HBO

The best thing about Room 104, a new half-hour anthology show created for HBO by Jay and Mark Duplass, is that it’s completely unpredictable: The only unifying factor in the 12-episode series is a faded, unremarkable motel room where each episode is set. The antics within that room could be terrifying (a demonic child who never blinks and torments his babysitter), charming (a wannabe writer in 1997 cajoles his mother into trying to use email), or unsettling (a cult initiation goes very, very wrong). The Duplasses set themselves a handful of ground rules—each episode was filmed in just three days and limited entirely to the space inside the room—but otherwise, anything goes.

The worst thing about Room 104 is that it’s completely inconsistent. The most satisfying episodes function like one-act plays, with well-structured narrative arcs and twists and reveals. The most irritating ones feel overly self-indulgent—transparent opportunities for the writers (Mark Duplass wrote seven out of 12) and directors (a notably diverse group) to play around with form. Still, there’s something thrilling about a show that’s so eager to experiment. With so many shows feeling algorithmically tailored to the preferences of the discerning binge viewer, Room 104 is much less calculated—it would much rather try and fail than, say, offer up a grab-bag of prestige-TV tropes that feels ultimately hollow.

The first episode, “Ralphie,” draws on the Duplasses’ previous work with horror, starring Melonie Diaz as an earnest babysitter. Before she arrives, a father (Ross Partridge) is seen sitting in the motel room with his head in his hands, and the question of what’s troubling him looms ominously after he leaves. There are surprises and jump scares and twists, and if the ending feels less sophisticated than the rest of the episode might merit, it’s at least a gripping and tightly directed 20 minutes. The same can be said for “The Knockadoo,” a dive into a Scientology-like cult initiation involving DVDs, past-life experiences, and a horrific final montage. The strange, chilling story features superb performances by Sameerah Luqmaan-Harris as a woman seeking salvation and American Gods’ Orlando Jones as the snake-oil priest taking her money.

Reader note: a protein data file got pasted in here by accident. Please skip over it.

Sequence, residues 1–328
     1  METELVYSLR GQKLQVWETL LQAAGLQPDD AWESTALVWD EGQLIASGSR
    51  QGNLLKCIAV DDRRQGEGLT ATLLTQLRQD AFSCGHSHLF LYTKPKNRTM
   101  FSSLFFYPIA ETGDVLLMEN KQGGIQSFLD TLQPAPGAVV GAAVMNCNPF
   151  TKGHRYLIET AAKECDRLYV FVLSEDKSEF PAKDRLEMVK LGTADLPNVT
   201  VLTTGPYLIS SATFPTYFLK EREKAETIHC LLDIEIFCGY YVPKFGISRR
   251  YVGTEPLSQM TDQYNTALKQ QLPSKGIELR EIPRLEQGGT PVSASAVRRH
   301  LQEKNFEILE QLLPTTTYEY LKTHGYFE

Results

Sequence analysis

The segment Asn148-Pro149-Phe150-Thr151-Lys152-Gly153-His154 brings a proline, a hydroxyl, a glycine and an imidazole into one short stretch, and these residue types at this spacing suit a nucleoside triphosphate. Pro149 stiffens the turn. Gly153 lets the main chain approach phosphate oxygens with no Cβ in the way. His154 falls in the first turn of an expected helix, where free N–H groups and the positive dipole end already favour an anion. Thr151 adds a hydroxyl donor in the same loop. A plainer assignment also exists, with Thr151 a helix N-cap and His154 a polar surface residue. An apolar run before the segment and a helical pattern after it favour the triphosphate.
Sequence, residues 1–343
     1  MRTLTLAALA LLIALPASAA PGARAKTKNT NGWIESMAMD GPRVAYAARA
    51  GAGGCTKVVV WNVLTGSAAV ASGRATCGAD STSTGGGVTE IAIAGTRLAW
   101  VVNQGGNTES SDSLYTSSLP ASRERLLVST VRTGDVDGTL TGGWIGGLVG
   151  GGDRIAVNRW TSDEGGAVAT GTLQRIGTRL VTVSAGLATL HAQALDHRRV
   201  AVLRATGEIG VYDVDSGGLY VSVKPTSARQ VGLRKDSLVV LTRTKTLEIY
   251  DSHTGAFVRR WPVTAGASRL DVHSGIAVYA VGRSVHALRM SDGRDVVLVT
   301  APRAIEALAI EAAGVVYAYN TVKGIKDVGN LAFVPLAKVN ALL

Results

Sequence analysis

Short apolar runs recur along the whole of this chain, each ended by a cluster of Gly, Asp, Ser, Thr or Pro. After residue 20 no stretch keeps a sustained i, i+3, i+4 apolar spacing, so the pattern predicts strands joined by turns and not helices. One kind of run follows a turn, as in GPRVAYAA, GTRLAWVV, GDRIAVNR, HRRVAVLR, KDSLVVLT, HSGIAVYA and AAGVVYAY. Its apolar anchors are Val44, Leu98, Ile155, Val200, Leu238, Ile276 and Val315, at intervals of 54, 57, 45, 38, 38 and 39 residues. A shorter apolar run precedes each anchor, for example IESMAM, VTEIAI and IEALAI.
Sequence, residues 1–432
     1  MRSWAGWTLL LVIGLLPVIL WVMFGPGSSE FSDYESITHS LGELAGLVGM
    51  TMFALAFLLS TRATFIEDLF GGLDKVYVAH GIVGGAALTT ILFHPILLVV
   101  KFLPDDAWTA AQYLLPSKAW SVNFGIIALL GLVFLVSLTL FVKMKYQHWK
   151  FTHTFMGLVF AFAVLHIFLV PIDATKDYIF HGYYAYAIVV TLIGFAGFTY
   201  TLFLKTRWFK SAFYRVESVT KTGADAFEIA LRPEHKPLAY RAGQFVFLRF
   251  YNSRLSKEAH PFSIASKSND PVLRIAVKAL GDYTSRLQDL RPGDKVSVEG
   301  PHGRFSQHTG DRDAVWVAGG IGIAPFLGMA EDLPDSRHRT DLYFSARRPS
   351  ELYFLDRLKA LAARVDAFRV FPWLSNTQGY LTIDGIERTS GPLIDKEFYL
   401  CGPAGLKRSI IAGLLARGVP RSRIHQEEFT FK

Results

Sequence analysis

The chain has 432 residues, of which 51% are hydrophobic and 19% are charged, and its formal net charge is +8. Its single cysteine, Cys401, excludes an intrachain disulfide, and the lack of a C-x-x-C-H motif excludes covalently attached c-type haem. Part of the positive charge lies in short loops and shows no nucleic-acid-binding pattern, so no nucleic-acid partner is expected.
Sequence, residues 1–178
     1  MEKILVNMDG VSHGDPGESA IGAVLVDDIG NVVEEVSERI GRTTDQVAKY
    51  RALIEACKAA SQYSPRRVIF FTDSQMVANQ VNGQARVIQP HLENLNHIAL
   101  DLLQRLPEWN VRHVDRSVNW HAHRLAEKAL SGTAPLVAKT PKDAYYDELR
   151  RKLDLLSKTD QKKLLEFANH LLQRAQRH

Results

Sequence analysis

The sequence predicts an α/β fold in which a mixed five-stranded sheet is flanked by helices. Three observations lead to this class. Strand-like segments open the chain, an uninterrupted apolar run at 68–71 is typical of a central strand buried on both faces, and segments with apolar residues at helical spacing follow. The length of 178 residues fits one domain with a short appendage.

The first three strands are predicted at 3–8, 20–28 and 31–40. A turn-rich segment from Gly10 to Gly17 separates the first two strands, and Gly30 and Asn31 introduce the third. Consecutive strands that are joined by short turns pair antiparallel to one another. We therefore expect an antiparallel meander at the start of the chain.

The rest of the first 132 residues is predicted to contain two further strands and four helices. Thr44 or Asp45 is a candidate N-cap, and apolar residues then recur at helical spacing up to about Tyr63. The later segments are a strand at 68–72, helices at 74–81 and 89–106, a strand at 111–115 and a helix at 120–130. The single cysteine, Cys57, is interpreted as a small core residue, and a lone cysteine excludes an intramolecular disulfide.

When Room 104 falters, it’s because it’s having so much fun playing around that it forgets that fun might not translate to viewers. “The Internet,” set in 1997, is so script-driven that it could almost function as a radio play. Anish (Karan Soni) is a writer preparing for a huge meeting with his publisher, who realizes he’s left his laptop at his mom’s house. The next 25 minutes involve him painstakingly trying to teach his mother (Poorna Jagannathan) to master Word, Apple shortcuts, and email, in a process that’s as torturous as it sounds. The final five minutes offer a reveal that’s deeply moving but maddeningly brief, given all the effort that’s gone into getting there. Too frequently, Room 104 ends just when it’s getting good.

But “Voyeurs” is something entirely different: a work of interpretive dance directed by the choreographer and filmmaker Dayna Hanson. Again, it plays with time, bringing a tired hotel maid (Dendrie Taylor) face to face with her younger self ( the dancer and Flesh and Bone star Sarah Hay). It’s an extraordinary, dreamlike interlude that feels more like a theatrical performance than an episode of television—which is the whole point. “The Fight,” which comes later in the series, is also primarily physical, presenting a full 15 minutes or so of two female mixed-martial artists brawling to determine how a fight should be thrown. The episode, directed by Megan Griffiths, is intricately staged and shot, but entirely lacking in tension and painfully repetitive.

The final episode, “My Love,” is a slow elegy—a window into a relationship that started in the motel room 56 years ago, and which is revealed to be more complicated than it seems. Philip Baker Hall gives a tender, vulnerable performance as a husband trying to woo his wife (Ellen Geer) all over again. These stories often feel like fragments of ideas jacked into something bigger—sometimes it works, sometimes it doesn’t. But they’re less anxiety-inducing than a show like Black Mirror and less cynical than American Horror Story. You might crave a little more attention when it comes to concept, but there’s no denying the creativity behind the ideas. Each work is a drama in miniature, and the room itself is the backdrop, the base, and the precipitating element for what unfolds.

Which could be a horrible idea—a work of television limited to the same rigid environment as a stage play—but somehow isn’t. Hotel rooms bring myriad connotations: affairs, escapes, work trips, assignations. They’re transitory spaces where the only constant is that people never stick around. The appeal of Room 104 comes from the same principle: The viewer’s time with these odd, compelling characters is only temporary. The best episodes, like the best people, are the ones that leave you wanting more.

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